How do you decide what to include and what not to include when you are describing the setting in your novel?
I read Ken Follett’s novel Whiteout, and realized I didn’t skim a word. I started thinking about why I wasn’t skimming the narrative, something I tend to do because I’m not that interested in flowery descriptions. Others love it, but I like a fast paced story where I can relate to the characters.
After I finished the novel, I opened the first page of Whiteout and got out my pink highlighter. I highlighted every setting description. Since I’d already read the book, on my second reading I knew how the setting would be used.
I discovered that Follett spent time on setting description only if it was relevant to the story. This may seem obvious, and sometimes I need an idea to hit me on the head, but it became clear that I didn’t skim because I needed to know what the setting looked like to understand the latter scenes.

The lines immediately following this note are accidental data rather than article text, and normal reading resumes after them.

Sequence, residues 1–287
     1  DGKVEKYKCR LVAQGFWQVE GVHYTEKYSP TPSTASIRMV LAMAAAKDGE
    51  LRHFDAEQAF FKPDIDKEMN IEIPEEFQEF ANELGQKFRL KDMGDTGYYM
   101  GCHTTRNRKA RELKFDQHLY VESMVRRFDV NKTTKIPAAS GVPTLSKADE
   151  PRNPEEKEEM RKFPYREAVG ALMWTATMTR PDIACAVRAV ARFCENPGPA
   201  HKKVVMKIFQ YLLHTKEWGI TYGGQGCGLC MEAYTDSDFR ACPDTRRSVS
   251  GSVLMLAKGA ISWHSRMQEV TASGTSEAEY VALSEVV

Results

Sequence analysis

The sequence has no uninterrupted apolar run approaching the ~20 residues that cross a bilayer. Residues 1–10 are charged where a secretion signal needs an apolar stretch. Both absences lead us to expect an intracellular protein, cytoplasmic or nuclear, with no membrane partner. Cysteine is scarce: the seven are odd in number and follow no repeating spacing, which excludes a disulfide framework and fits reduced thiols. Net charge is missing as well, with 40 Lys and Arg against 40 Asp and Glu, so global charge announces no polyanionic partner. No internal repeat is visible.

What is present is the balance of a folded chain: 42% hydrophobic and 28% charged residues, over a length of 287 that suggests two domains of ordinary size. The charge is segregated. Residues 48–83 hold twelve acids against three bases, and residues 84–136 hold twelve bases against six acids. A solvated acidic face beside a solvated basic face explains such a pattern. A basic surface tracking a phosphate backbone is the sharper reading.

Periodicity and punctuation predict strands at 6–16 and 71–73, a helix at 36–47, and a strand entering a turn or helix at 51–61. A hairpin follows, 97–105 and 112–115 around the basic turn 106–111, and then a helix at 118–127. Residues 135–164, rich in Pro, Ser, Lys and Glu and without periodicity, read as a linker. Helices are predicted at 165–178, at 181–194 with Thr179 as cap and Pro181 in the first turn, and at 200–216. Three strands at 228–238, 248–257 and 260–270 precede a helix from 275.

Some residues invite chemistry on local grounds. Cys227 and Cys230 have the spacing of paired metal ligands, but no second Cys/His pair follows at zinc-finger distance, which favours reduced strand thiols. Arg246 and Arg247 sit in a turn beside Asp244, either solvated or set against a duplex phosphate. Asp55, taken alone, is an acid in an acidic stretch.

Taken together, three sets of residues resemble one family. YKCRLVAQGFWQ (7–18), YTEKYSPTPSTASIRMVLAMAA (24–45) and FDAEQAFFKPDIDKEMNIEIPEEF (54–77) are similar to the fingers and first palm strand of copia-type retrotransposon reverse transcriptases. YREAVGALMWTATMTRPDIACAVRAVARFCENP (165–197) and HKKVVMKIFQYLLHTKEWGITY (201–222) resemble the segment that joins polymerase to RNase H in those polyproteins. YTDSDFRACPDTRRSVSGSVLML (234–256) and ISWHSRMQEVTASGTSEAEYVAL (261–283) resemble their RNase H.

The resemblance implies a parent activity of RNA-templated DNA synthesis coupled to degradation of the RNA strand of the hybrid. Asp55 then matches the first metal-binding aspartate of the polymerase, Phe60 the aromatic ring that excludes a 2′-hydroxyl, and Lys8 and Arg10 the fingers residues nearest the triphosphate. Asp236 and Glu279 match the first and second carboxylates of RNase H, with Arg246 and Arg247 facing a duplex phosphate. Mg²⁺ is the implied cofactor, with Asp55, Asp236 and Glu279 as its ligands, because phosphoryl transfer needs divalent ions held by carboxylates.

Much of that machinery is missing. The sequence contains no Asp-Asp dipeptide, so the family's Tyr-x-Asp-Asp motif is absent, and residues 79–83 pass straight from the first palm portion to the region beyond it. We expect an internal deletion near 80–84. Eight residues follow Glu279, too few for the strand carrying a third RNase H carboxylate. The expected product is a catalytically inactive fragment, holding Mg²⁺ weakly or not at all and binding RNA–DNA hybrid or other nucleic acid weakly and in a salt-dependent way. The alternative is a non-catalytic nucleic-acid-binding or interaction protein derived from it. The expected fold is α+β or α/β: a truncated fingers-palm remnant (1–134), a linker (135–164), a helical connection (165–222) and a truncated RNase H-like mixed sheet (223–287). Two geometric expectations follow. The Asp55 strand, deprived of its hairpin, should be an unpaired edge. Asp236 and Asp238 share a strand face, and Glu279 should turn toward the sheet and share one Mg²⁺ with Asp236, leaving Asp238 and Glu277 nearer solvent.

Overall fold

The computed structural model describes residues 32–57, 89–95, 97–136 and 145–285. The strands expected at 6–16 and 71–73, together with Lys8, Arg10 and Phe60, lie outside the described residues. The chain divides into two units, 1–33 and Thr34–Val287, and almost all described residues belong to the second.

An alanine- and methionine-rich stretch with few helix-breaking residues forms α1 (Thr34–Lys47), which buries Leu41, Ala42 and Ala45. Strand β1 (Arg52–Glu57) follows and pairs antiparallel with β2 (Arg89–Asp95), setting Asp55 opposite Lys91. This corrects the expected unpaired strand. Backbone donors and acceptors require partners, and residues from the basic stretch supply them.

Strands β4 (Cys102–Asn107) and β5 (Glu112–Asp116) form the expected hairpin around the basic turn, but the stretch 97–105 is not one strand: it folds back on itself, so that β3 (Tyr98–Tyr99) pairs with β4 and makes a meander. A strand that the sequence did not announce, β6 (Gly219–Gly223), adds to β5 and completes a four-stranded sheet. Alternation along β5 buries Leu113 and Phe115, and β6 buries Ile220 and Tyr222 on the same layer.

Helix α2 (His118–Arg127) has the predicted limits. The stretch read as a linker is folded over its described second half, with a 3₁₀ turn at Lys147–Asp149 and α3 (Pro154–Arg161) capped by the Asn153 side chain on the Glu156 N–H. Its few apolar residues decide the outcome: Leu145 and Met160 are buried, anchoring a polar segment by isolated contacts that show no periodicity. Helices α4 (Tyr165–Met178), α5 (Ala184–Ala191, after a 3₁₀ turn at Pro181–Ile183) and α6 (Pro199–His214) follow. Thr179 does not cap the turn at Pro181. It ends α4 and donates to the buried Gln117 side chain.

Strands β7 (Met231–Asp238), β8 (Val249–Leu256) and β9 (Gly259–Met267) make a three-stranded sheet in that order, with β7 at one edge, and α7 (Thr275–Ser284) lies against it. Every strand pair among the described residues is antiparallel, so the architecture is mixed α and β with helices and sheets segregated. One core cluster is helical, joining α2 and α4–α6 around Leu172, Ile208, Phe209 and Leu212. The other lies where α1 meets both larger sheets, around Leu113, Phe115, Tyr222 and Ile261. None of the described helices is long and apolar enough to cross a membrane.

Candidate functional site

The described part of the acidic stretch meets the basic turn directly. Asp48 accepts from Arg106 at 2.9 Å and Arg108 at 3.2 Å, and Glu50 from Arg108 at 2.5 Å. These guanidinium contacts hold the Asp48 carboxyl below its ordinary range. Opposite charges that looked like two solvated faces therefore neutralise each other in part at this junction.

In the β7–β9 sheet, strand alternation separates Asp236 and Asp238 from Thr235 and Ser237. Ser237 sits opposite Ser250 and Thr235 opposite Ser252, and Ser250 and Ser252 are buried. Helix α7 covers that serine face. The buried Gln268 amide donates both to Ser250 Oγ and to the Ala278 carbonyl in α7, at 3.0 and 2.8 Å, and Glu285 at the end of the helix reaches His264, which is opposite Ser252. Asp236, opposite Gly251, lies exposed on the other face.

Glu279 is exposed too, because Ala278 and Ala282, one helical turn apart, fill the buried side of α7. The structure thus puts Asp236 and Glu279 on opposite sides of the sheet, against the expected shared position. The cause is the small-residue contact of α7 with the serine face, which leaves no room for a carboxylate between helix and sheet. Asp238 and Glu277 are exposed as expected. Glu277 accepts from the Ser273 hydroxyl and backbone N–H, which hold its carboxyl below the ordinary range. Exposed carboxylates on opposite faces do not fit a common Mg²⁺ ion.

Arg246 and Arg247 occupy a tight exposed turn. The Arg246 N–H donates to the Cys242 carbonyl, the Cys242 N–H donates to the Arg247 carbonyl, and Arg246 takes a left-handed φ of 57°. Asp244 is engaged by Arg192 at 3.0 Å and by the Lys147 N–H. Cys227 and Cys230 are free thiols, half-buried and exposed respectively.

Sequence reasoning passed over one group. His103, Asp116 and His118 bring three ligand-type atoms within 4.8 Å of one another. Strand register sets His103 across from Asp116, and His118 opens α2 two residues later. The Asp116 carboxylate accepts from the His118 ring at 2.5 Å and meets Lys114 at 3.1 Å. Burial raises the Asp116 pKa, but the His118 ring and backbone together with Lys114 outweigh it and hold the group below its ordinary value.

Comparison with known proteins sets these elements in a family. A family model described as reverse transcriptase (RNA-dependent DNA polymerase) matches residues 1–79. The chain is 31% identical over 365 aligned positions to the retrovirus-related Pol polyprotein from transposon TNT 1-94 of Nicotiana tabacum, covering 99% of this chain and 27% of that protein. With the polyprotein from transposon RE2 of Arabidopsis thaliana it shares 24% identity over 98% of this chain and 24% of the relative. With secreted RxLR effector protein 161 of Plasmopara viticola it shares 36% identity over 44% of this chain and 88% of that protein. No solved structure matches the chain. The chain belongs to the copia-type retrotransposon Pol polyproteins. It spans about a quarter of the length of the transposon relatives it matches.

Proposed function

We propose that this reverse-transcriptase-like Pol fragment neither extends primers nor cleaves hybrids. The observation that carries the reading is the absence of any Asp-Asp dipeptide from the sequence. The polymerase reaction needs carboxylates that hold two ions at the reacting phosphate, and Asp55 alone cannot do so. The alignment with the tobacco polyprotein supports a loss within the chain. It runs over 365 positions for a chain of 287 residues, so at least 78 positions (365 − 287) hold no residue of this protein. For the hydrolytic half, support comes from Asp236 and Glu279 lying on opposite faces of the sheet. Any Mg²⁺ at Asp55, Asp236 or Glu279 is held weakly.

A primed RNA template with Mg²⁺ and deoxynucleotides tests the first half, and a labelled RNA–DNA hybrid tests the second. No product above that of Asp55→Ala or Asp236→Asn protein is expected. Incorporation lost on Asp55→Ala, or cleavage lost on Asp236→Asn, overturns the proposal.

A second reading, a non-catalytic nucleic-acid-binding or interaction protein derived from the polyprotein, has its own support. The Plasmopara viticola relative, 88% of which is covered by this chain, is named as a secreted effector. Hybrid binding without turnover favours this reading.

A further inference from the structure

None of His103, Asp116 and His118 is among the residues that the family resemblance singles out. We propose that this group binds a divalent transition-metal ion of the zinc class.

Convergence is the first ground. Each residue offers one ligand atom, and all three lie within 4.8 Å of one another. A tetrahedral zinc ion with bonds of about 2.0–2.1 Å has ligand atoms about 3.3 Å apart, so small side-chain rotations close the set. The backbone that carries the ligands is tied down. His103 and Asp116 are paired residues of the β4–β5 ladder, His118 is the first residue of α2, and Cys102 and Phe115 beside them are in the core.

Try this with a novel where you didn’t skim any text, and see if you discover the same thing I did. There are so many ways to learn 🙂
Now when I’m describing a place, I do it twice. Once in full detail, so I understand and know it. Then I write it a second time, cutting what doesn’t need to be there and leaving the bits that will end up in the novel. These bits are the parts the reader needs to understand in order to believe and be engaged in the story.
When proofreading, I check for description that isn’t needed. Cut – cut – cut and into the garbage it goes. (Okay so really, stored in a folder on my computer but you get the point.)